financial crisis

The Wall Street Journal today writes about how the Obama administration is repeating the “mistakes of the past by intimidating banks into lending to minority borrowers at below-market rates in the name of combating discrimination.” Assistant Attorney General for Civil Rights Thomas Perez has argued that bankers who don’t make as many loans to blacks as whites (because they make lending decisions based on traditional lending criteria like credit scores, which tend to be higher among white applicants than black applicants) are engaged in a “form of discrimination and bigotry” as serious as “cross-burning.” Perez has compared bankers to “Klansmen,” and extracted settlements from banks “setting aside prime-rate mortgages for low-income blacks and Hispanics with blemished credit,” treating welfare “as valid income in mortgage applications” and providing “favorable interest rates and down-payment assistance for minority borrowers with weak credit,” notes Investors Business Daily.

Under Perez’s “disparate impact” theory, banks are guilty of racial discrimination even if they harbor no discriminatory intent, and use facially-neutral lending criteria, as long as these criteria weed out more black than white applicants. The Supreme Court has blessed a more limited version of this theory in the workplace, but has rejected this “disparate impact” theory in most other contexts, such as discrimination claims brought under the Constitution’s equal protection clause; discrimination claims alleging racial discrimination in the making of contracts; and discrimination claims brought under Title VI, the civil-rights statute governing racial discrimination in education and federally-funded programs. Despite court rulings casting doubt on this “disparate impact” theory outside the workplace, the Obama administration has paid liberal trial lawyers countless millions of dollars to settle baseless “disparate impact” lawsuits brought against government agencies by minority plaintiffs, even after federal judges have expressed skepticism about those very lawsuits, suggesting that they were meritless.

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Ed Pinto, who was an executive at Fannie Mae long before it went into the toilet and nearly took the financial system down with it, notes that “the financial crisis resulted from an unprecedented accumulation of weak and risky Non-Traditional Mortgages (NTMs)” promoted by both the government and the government-sponsored mortgage giant Fannie Mae. “Each type of NTM featured increased borrower leverage and risk.”

In Government Housing Policy: The Sine Qua Non of the Financial Crisis, he describes in detail how government housing policy explicitly promoted massive increases in leverage and moral hazard by both borrowers and investors and chronicles the central role played by Fannie Mae and Freddie Mac as the clearly-acknowledged kings of moral hazard and leverage. As he points out, government involvement included the facts that (1) Congress, at the behest of community advocacy groups, forced Fannie and Freddie to replace conservative underwriting with flexible underwriting knowing that banks would follow suit; (2) Fannie vowed to transform the housing finance system using flexible underwriting, in an effort to protect its charter privileges bestowed by Congress; and (3) HUD, after a decade of effort, proudly took credit for a revolution in affordable lending. This revolution then led directly to the 2008 financial crisis, which precipitated a $160 billion bailout of Fannie Mae and Freddie Mac, the nation’s two government-sponsored mortgage giants.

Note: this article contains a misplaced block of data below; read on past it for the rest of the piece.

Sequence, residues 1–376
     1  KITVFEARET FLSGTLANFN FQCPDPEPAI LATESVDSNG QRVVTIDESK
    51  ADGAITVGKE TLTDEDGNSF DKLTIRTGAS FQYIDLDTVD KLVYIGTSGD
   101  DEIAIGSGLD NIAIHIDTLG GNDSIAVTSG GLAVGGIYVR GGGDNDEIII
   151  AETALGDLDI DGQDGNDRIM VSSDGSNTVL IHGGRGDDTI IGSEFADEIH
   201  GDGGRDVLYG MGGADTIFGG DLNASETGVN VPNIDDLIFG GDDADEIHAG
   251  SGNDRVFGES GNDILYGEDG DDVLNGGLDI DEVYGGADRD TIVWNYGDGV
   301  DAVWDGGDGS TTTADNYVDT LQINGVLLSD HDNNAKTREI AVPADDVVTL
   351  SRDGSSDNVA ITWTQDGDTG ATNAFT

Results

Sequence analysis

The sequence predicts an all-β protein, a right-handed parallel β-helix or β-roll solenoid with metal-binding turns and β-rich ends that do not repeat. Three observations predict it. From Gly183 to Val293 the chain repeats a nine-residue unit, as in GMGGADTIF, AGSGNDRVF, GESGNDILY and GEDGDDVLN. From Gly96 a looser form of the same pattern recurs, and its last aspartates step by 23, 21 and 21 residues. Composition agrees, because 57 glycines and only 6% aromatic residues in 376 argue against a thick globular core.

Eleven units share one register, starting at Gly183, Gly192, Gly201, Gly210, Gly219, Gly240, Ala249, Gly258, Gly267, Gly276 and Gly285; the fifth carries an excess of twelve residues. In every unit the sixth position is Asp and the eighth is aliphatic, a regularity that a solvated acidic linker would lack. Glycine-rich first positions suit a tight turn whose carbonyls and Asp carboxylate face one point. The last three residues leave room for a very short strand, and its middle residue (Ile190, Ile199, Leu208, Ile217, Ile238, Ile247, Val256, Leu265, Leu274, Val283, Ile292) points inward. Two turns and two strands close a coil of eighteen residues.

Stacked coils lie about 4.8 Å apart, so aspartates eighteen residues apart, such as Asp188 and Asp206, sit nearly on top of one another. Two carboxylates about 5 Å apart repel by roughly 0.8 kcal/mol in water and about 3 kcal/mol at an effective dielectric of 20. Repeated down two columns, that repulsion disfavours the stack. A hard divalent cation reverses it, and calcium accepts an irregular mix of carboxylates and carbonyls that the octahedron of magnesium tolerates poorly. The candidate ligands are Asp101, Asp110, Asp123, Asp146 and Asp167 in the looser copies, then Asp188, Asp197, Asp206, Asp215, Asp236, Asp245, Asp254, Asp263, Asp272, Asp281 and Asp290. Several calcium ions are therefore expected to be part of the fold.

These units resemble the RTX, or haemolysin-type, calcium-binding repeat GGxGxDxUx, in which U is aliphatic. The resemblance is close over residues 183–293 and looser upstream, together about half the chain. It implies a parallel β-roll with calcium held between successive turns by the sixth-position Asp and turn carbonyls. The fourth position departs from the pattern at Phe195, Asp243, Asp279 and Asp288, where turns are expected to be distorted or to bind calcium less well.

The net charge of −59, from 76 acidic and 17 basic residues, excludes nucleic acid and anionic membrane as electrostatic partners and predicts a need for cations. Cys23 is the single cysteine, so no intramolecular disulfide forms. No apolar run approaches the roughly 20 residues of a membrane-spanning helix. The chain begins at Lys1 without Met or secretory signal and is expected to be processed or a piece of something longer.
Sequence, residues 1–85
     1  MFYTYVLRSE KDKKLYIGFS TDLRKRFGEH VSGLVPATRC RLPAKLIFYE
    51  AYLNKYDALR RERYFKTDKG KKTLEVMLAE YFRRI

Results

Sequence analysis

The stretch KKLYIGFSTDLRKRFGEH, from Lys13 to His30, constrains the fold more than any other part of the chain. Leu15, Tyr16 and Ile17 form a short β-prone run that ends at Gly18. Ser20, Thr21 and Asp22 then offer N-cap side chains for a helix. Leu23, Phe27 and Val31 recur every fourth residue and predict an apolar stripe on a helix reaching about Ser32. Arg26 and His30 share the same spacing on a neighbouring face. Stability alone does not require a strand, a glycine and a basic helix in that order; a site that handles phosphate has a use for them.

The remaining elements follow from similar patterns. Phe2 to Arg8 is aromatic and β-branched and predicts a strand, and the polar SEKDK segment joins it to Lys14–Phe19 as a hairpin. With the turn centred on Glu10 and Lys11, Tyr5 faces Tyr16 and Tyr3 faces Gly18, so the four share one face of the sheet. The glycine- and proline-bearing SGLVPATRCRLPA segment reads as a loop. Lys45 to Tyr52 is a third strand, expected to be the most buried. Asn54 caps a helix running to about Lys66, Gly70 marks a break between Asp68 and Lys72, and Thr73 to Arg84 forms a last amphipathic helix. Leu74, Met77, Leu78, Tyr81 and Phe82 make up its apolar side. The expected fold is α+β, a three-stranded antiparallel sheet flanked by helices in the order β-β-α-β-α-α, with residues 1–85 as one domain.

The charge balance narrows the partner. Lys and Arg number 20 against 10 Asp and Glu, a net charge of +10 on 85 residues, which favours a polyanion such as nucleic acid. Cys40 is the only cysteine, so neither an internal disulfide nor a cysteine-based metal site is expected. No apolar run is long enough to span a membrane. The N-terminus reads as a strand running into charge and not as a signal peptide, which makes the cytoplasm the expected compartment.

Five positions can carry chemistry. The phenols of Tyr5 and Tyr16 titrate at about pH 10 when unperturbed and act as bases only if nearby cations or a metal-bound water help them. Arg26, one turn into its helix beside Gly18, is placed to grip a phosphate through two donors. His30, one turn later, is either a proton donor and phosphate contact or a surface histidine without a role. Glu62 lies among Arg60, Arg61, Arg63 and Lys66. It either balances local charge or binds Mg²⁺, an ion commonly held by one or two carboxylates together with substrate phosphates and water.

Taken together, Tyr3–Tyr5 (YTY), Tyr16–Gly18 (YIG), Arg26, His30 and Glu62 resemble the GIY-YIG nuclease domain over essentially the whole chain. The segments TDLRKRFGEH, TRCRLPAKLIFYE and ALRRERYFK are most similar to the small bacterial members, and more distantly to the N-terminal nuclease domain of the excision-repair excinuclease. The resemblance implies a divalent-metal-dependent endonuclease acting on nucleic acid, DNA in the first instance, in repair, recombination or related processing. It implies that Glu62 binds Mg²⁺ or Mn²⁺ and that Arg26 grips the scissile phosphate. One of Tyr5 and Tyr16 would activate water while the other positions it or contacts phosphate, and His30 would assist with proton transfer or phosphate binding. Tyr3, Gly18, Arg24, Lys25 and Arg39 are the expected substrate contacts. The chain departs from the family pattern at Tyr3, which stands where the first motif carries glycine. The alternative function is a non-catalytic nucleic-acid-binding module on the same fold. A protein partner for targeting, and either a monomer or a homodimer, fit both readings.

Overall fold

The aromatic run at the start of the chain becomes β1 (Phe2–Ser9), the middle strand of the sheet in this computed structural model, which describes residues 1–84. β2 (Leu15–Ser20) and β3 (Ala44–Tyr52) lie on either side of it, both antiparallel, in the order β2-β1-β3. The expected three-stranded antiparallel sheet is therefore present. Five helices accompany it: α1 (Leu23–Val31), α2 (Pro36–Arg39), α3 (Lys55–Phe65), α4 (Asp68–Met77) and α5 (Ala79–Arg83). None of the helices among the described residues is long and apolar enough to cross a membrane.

(Unlike the private banks, which repaid their bailouts with interest, Fannie Mae and Freddie Mac are not expected to repay taxpayers, and their bailout tab may rise to $1 trillion, according to Bloomberg News. The Obama administration earlier lifted the $400 billion limit on bailouts for Fannie Mae and Freddie Mac, so that they could continue to buy up junky mortgages at taxpayer expense, and showered their executives with $42 million in compensation. In May 2010, the administration and its congressional allies blocked efforts to reform Fannie Mae and Freddie Mac.)

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In 2010, Obama administration allies proposed a trillion-dollar bailout for those lucky mortgage borrowers whose loans were owned by the government-backed mortgage giants Fannie Mae and Freddie Mac — including wealthy borrowers who have no difficulty paying their mortgage — in order to increase their disposable income and temporarily pump up the economy through the next election. Now, Obama administration officials such as Associate Attorney General Tom Perrelli are trying to achieve the same goal on a much smaller scale in settlement talks with the nation’s four biggest banks. Perrelli is demanding that they reduce the mortgages of certain favored underwater borrowers (many of whom are underwater because they didn’t make a substantial downpayment, the way thrifty people do), using the banks’ unrelated foreclosure paperwork violations as a pretext (benefiting lucky borrowers who were never foreclosed upon, much less treated improperly in any way).

But as Mark Calabria notes, this demand makes no sense at all economically. Any mortgage write-off that increases the disposable income of borrowers will reduce the disposable income of investors whose mortgage-backed securities are worth less after mortgages are partly written off. The government’s demand reflects irrational, magical thinking, a kind of voodoo economics. This  proposed rip-off of investors would not create any wealth or income, but rather merely redistribute wealth and income from investors to borrowers (reducing the disposable income of the suddenly poorer investors), discouraging future investment.